Serving your audience at a time of crisis
When it comes to content creation, it’s not enough to know your audience. You have to care about them too. Especially when global disaster strikes.
It’s a distinction that comes more easily to some media organisations than others.
Take BBC Radio 1 – who nailed it straight away. The station’s target audience is 15-29 year olds. As such, high numbers have been cut adrift from school or university, others are key workers, manual workers, minimum wage-earners – all unlikely to be living their best lockdown. Thanks to Covid-19, they’ve seen their education curtailed and their employment prospects shrivel, they’re worried about their gran, they miss their friends and their anxiety levels are through the roof – unsurprisingly, Childline has reported a huge spike in calls from young people struggling to deal with the impact of the pandemic on their lives.
The nation’s premium supplier of happy bangers understands that gloom and doom won’t help in this situation. Because this situation has been so extreme, so unsettling, that literally the only thing that will get a gutted 21-year-old through it is Armand van Helden’s My My My.
“Let the music do the heavy lifting,” the station’s DJs have soothed. “Just because we’re by ourselves, doesn’t mean we’re on our own.” They have been a 24-hour reminder that, yes, one day there will be parties again and you’d better have remembered how to dance.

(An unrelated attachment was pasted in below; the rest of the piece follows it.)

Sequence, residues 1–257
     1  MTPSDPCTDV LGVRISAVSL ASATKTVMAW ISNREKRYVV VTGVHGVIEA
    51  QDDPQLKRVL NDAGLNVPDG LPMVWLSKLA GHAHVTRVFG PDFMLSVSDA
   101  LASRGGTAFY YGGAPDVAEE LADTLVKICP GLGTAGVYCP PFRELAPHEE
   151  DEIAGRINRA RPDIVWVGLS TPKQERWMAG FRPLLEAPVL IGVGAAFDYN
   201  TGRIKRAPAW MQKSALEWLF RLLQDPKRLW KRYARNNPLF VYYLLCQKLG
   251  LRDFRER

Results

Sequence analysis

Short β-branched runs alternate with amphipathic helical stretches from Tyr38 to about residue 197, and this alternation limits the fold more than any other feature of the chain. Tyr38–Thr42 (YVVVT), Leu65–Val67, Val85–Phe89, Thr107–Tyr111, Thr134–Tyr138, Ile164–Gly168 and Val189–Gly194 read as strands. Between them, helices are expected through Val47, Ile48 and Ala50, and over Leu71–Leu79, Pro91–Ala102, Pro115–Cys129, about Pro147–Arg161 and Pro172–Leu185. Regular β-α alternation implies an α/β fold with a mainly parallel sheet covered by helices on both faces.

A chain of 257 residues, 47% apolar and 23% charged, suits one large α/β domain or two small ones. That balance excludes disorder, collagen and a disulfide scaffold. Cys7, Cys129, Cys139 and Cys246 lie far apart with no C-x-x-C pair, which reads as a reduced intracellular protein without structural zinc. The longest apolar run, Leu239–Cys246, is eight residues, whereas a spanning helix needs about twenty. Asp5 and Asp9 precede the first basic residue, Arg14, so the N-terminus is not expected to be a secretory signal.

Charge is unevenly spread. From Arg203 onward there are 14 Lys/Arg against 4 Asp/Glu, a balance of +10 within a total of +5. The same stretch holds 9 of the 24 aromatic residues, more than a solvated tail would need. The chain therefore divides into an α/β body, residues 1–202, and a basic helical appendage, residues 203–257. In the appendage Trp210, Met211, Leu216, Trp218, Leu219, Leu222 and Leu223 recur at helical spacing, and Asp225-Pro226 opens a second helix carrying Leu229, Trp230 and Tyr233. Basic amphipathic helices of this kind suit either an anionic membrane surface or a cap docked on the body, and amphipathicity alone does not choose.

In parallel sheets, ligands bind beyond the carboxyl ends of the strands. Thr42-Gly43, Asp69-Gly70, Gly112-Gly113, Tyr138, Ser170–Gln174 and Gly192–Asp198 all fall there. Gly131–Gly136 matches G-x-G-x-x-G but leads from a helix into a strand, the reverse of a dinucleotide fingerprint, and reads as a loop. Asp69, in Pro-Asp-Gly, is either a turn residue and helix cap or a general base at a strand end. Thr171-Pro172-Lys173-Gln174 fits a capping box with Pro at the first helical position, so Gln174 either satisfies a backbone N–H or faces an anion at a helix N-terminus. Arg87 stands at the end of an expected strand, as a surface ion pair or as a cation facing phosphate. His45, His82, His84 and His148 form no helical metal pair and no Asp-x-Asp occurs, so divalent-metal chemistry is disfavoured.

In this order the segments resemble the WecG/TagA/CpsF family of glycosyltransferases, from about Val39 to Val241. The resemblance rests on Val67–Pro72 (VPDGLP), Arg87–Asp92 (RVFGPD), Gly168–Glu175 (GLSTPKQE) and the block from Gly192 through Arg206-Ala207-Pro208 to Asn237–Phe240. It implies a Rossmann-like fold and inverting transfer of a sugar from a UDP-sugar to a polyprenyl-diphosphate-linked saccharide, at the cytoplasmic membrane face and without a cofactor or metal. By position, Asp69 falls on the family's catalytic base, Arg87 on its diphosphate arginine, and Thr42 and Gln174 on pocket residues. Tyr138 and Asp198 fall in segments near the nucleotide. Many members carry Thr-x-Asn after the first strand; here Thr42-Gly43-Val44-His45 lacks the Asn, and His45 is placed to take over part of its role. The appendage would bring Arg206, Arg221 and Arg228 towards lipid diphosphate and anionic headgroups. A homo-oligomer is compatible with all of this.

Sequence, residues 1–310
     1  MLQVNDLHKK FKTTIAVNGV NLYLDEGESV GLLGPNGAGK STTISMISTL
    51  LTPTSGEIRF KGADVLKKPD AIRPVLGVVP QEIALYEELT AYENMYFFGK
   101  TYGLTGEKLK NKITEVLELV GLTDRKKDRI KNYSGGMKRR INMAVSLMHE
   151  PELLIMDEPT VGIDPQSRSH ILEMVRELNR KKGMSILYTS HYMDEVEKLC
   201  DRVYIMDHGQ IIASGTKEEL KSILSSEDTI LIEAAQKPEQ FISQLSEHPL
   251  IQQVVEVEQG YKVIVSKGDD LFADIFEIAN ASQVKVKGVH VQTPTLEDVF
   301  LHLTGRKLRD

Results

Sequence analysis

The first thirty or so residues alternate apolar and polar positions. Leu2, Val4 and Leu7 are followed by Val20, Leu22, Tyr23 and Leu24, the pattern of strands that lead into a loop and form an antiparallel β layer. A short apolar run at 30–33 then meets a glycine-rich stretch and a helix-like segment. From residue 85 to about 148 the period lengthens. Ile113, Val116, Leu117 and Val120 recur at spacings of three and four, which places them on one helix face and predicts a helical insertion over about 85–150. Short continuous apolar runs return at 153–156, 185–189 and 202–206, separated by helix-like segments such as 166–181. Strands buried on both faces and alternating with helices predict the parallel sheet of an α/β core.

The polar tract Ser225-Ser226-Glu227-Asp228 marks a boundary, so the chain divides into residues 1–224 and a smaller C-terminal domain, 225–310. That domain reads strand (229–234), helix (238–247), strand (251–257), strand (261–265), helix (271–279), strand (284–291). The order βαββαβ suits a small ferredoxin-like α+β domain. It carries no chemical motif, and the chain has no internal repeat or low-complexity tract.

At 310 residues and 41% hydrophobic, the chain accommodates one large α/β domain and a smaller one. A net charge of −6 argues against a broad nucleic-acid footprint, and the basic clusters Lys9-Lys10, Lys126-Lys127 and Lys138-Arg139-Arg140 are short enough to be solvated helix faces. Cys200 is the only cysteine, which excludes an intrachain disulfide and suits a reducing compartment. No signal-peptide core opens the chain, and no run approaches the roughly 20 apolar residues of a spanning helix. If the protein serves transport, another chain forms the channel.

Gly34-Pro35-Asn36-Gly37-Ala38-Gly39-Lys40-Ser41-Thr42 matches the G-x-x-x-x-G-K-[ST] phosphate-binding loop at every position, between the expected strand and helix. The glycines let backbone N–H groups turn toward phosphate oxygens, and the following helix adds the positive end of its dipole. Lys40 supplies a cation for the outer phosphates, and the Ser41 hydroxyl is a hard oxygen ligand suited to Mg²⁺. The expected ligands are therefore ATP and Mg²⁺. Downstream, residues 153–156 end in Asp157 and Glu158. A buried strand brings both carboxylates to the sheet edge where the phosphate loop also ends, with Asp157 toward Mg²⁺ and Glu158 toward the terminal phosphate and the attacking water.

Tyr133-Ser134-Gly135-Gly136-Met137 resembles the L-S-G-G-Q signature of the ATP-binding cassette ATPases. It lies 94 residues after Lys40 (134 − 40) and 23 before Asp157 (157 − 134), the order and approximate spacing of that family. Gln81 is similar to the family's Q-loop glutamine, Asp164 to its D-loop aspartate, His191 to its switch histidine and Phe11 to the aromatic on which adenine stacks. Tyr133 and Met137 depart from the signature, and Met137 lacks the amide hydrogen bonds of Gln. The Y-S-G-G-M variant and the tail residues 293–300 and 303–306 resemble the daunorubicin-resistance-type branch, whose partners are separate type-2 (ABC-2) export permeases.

We don’t all serve pop music to teenagers, of course. But for everyone working in the media, from international news behemoths, to glossy consumer magazines to B2B specialists – like us, here at Wildfire – BBC Radio 1’s intimate knowledge of its tribe should stand as a gold standard.
What is your target reader’s biggest fear? Their hope? What are the top three things on their to-do list today? And next month? What do they talk to their colleagues and friends about? What do they only confess to their closest confidante? Range Rover, mountain bike, or both? Try and guess the colour of their couch and what they’d order in an Indian restaurant. Approach, listen, watch. Then empathise. Then give them what they need.
There will be many people to thank when this is over. On that list will be those media outlets who have met their audience’s needs in the most extraordinary moment for the country since World War Two.
And now here’s Dua Lipa.